Market Goes Mainstream
Candice Choi, Newsday, July 27, 2005
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For about 2
million Americans, the bread basket used to be filled with a
tasteless, brick-like loaf that crumbled when sliced.
That was the bleak world of food Bernie Mansbach found 25 years
ago when he was diagnosed with celiac disease, or an intolerance
to a wheat protein called gluten.
"In those days, the doctor just stuck his head in the door and
said, 'Don't eat gluten,"' said Mansbach, 74, of Scotia. "There
were very few commercial gluten-free foods available then."
Now manufacturers are rolling out gluten-free equivalents of
everything from pizza crusts to doughnuts, buns and cakes. Once
banished to the dusty bottom shelves of obscure grocers, the
gluten-free revolution is surfacing in the aisles of major
At Wal-Mart, "gluten-free" products are hitting the shelves this
month. The retailing giant is requiring suppliers to identify
whenever gluten is used in its private-label products, said Bob
Anderson, general merchandise manager of the company's Great
So far, 982 of the company's 1,254 products have been identified
What makes the market appetizing is that it's no flash in the
pan. Celiac disease is an incurable, lifelong condition, said
Pam Cureton, a clinical dietitian at the University of Maryland
Center for Celiac Disease.
Gluten intolerance is believed to affect about one out of every
133 Americans and legions more are sensitive to gluten. Last
year, the National Institutes of Health held its first
conference on the condition, concluding the prevalence of celiac
disease in the United States was much wider than previously
Gluten damages the small intestine of people with celiac disease
and causes symptoms that include severe cramping, diarrhea,
chronic fatigue and malnutrition. Untreated celiac disease can
be life-threatening and lead to organ disorders, according to
the Celiac Center.
The only way to manage the condition is to banish gluten _ a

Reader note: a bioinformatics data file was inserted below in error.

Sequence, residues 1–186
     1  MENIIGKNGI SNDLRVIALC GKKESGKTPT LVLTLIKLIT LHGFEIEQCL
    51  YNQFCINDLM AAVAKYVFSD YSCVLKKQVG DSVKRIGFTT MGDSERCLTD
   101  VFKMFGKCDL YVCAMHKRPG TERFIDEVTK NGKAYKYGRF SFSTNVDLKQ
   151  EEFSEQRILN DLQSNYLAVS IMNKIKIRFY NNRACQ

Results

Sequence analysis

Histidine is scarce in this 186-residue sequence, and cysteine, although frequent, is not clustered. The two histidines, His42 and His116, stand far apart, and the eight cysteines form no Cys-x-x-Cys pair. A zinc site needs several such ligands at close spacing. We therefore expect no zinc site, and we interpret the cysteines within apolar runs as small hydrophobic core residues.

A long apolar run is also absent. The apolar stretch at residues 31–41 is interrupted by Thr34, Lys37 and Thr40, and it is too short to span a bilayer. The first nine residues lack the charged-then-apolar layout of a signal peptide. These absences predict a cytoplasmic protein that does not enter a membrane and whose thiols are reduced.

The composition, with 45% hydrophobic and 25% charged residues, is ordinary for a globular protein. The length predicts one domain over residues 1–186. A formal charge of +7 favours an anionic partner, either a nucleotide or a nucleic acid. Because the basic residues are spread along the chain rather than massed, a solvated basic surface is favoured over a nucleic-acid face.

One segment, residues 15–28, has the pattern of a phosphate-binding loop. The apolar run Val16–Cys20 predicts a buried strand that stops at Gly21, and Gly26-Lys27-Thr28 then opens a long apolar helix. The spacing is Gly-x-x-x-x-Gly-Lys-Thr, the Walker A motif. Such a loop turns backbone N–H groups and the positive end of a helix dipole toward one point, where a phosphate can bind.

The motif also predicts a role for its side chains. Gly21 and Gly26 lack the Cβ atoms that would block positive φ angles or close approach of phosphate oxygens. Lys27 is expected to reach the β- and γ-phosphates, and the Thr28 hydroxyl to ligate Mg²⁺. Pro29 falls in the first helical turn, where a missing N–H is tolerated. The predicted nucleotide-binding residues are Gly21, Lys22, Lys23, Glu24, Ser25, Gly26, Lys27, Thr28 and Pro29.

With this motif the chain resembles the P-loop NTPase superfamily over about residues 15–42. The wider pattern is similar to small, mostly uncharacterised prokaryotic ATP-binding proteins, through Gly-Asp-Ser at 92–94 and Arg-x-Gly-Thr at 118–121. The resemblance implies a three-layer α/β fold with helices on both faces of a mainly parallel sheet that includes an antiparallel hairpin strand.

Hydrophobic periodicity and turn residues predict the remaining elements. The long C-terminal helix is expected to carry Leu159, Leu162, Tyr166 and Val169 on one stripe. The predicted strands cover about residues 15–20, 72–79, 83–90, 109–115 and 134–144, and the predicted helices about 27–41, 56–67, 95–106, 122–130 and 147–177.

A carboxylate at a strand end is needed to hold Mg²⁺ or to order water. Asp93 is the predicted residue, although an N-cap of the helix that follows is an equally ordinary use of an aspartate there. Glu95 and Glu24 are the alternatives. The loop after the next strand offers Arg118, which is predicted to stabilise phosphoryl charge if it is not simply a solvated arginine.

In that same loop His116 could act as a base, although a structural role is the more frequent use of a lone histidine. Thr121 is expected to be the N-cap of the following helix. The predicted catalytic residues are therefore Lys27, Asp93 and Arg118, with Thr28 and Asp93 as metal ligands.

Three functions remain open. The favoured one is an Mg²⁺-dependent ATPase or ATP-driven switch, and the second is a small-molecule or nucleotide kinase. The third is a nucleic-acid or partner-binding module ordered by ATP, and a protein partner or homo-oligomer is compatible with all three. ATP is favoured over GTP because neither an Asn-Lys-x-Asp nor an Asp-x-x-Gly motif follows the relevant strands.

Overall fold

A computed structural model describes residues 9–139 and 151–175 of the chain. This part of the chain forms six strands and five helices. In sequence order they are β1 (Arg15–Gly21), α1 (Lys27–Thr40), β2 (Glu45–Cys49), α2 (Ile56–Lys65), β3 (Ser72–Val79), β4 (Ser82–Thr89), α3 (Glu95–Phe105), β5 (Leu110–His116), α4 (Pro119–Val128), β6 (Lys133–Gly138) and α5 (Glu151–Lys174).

trickier feat than one might expect. Wheat, rye and barley are
in products ranging from soy sauce to beer to modified food
starch. Even the slightest trace can wreak havoc on the
digestive system for weeks.
A bowl of spaghetti simply wasn't worth the consequence for
Mansbach _ but he also wasn't ready to resign himself to the
dreary world of rice cakes.
Over the years, he started making his own bread, pizza and
bagels. He sniffed out gluten-free products in obscure,
out-of-the-way grocers and had a running list of where to score
When he craved brownies, he could drive a half hour to a health
food store. If he drove farther west, he could get his hands on
that coveted commodity in the world of celiacs _ gluten-free
cereal. Mail-order food became routine; stashed in his freezer
at any given time are a half-dozen loaves of bread from a
Canadian company called Kinnickinick.
But these days, stores carry a range of gluten-free cookies,
pastas and bread, using substitutes like rice flour, arrowroot,
potato and tapioca.
"There are more products to buy than I would ever eat," Mansbach
The products are more expensive, though. A loaf of gluten-free
bread, for example, costs $3.99 compared to 99 cents for a loaf
of house brand wheat bread at Hannaford Supermarket in New York.
Hannaford, which operates 143 stores in New York, Vermont, New
Hampshire and Maine, says it is expanding its gluten-free lineup
this fall. Whole Foods Market lists more than 800 gluten-free
items, up from about 250 seven years ago.
Wegmans supermarkets in New York has a "Celiac Recipe of the
"We hear from (people with celiac) more than any other group,
because it's such a life and death issue for them," said Jane
Andrews, corporate nutritionist for Wegmans.
Still, Mansbach said many gluten-free products could be better.
"Some of the bread is still pretty bad," he said. "They try to
make it just like the real thing, but it's never going to be
exactly there. You just have to accept that."
On the Net: Center for Celiac Research:
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